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Mental Health issues do not discriminate? So why should we?

With the internet being flooded with discussions about mental health issues and related concerns, it is perhaps striking to see any discomfort towards the topic of mental health issues or towards people suffering from mental health issues.


This very divide is exemplified by the passing of a bill that would allow for a ‘mental health hotline number’-988 by Congress in the United States in 2020. This hotline number -988, is similar to the number 911 in the way that instead of connecting individuals to law enforcement agencies, it will connect people facing urgent mental health crises to mental health professionals and other specially trained individuals. It allows for the creation of call centers for the same, wherein people facing mental health emergencies can call the number and get subsequent and crucial help.


On paper, this seems like a much-needed solution to the ever-increasing rates of mental health issues being faced by individuals. Rates of depression, anxiety, suicide, eating disorders and other mental health issues have been at an all-time high especially since COVID-19 hit and essentially made isolation the new norm. With social media and the mainstream media being more open-minded and bringing such conversations into more households, it is not surprising that such an initiative would benefit numerous lives.


However, here is where the divide comes in. Although the bill was passed by congress in 2020, the mental health hotline number is yet to launch on July 16, 2022. Surprisingly, the funding of this number was left up to the individual states. In the two years it has taken to enact this bill, many of the states in the United States have not allocated funding to this number. Only four states-Colorado, Nevada, Virginia and Washington have created funding plans to allow this initiative to thrive. The other states with no funding in place for this initiative, have left mental health professionals and other trained specialists feeling unprepared and aghast at the lack of initiative. There have to be plans in place to set up the call center, to hire skilled and trained specialists and mental health professionals and for the resources that would be required to help in times of emergency as well.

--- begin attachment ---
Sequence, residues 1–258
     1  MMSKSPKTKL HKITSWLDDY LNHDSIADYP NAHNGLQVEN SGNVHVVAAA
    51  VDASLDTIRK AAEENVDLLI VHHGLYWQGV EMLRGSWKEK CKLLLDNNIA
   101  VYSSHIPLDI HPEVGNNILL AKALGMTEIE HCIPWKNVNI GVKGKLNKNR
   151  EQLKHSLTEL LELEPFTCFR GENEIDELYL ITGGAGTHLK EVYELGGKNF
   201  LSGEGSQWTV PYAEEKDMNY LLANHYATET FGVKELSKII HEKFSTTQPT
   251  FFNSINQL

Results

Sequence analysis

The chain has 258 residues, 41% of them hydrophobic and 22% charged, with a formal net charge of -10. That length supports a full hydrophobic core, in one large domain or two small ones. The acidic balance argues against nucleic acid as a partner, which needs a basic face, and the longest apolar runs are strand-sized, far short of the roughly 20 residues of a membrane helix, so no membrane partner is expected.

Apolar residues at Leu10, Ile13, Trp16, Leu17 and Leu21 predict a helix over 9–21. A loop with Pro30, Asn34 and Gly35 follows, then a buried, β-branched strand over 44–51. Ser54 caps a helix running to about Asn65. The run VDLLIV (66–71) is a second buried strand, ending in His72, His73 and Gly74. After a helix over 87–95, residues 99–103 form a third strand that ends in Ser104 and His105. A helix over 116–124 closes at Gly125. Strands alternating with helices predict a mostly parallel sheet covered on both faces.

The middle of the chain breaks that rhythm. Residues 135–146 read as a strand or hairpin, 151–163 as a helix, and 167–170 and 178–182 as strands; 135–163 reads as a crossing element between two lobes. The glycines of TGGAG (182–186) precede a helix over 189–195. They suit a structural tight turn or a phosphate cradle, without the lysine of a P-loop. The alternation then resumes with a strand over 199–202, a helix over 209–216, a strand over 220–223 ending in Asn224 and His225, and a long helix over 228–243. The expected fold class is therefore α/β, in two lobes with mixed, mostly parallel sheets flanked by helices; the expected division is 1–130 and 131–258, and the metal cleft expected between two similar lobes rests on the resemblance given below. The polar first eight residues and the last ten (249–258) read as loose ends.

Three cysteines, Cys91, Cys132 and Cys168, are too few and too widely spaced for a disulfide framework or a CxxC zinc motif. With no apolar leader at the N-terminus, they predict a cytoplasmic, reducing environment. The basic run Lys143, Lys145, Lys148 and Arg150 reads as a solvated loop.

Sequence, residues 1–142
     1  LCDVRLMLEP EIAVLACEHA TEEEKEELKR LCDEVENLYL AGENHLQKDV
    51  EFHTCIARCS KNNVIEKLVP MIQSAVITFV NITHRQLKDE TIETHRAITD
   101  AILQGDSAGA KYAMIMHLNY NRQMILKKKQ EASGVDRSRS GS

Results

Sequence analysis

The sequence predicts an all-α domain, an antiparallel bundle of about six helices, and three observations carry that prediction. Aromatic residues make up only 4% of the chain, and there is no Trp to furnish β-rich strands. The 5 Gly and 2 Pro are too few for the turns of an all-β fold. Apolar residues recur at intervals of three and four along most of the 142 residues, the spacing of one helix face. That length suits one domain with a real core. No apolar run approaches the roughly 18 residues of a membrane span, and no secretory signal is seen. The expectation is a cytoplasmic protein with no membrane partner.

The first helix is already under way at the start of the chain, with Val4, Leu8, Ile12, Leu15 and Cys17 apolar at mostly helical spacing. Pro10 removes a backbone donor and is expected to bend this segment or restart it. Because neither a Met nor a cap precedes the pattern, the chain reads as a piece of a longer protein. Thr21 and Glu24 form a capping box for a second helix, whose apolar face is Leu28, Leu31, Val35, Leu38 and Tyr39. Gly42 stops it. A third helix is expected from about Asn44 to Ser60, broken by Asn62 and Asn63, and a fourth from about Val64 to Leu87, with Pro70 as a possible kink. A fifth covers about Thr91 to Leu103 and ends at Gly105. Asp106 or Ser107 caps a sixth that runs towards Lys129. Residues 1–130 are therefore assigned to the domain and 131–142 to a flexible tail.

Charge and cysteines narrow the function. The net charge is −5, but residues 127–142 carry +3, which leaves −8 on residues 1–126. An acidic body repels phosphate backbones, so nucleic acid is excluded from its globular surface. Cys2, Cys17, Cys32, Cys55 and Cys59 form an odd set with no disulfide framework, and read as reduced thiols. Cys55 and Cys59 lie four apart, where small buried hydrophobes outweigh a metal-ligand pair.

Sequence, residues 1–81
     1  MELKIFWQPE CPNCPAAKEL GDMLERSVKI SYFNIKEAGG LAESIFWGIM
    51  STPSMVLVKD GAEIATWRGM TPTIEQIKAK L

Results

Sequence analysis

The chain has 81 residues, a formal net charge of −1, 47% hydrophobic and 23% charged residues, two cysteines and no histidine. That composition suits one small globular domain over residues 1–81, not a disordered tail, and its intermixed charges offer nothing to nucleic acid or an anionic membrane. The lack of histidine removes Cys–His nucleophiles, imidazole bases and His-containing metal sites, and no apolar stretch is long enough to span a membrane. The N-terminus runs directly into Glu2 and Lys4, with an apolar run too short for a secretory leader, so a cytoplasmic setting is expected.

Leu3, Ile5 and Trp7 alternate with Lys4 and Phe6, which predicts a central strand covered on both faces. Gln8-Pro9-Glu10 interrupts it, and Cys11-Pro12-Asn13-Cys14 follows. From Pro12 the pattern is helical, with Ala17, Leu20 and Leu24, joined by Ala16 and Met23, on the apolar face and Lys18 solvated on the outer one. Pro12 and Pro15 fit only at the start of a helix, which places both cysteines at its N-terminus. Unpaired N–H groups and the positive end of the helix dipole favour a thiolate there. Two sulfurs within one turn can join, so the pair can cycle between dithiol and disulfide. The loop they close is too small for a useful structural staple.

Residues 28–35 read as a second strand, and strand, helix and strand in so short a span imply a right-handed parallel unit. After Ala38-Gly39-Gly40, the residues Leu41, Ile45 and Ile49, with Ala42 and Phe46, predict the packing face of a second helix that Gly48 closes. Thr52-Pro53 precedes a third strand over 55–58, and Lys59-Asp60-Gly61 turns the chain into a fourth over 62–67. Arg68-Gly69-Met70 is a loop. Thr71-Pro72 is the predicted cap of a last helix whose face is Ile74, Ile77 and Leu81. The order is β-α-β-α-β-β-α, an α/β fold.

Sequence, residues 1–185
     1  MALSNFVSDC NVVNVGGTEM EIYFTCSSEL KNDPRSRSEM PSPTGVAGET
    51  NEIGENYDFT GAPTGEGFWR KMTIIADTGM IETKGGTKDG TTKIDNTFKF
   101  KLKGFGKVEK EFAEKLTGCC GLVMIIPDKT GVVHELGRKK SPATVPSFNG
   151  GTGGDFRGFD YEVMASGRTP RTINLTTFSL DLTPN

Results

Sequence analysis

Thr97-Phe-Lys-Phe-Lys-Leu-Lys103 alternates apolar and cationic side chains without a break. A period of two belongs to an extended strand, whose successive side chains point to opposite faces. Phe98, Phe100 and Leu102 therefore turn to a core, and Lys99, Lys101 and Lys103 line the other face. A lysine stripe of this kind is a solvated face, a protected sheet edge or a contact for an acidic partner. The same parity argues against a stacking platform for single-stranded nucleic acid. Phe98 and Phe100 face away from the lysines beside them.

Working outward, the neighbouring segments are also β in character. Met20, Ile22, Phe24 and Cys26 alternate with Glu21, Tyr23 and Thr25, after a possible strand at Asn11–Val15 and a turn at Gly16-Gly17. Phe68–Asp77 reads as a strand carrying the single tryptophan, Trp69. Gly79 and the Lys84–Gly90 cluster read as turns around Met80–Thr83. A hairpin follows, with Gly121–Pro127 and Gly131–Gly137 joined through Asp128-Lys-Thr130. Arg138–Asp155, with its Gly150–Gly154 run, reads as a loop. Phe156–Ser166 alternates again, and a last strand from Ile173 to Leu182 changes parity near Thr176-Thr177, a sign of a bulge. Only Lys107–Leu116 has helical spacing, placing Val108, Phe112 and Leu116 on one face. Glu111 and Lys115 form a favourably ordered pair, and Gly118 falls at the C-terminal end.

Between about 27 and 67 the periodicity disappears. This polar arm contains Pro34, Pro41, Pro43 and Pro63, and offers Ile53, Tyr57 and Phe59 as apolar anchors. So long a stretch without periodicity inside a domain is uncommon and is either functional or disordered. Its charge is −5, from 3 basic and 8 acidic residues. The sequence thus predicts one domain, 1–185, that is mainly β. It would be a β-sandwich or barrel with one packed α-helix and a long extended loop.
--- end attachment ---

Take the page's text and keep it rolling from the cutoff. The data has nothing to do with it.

The hypocritical view of this initiative brings into play a larger and scarier question-Does anyone truly care about the mental health of individuals? We see popular hashtags such as #mentalhealthawareness, #selfcare, #anxiety and so on in the mainstream media. The translation of these words into conversation in households has been treated as an urgent issue. Similarly, holding the mental health hotline number with the same urgency could potentially save several lives. This is a life-saving initiative, so why are states not rising to the occasion and holding true to their promise, as elected representatives, of protecting the citizens.


In recent years, there has been a rise in the acknowledgement of the sway that mental health issues hold on individuals. If we do not continue upholding each other in times of distress, the very infrastructure of society is doomed to destabilize and crumble. It is shocking to notice the contrast between support shown on social media and actions taken in real life. Where is the support of the states? Where is the support of the people to provide funding for this hotline number? Mental health issues do not discriminate. So why should we?

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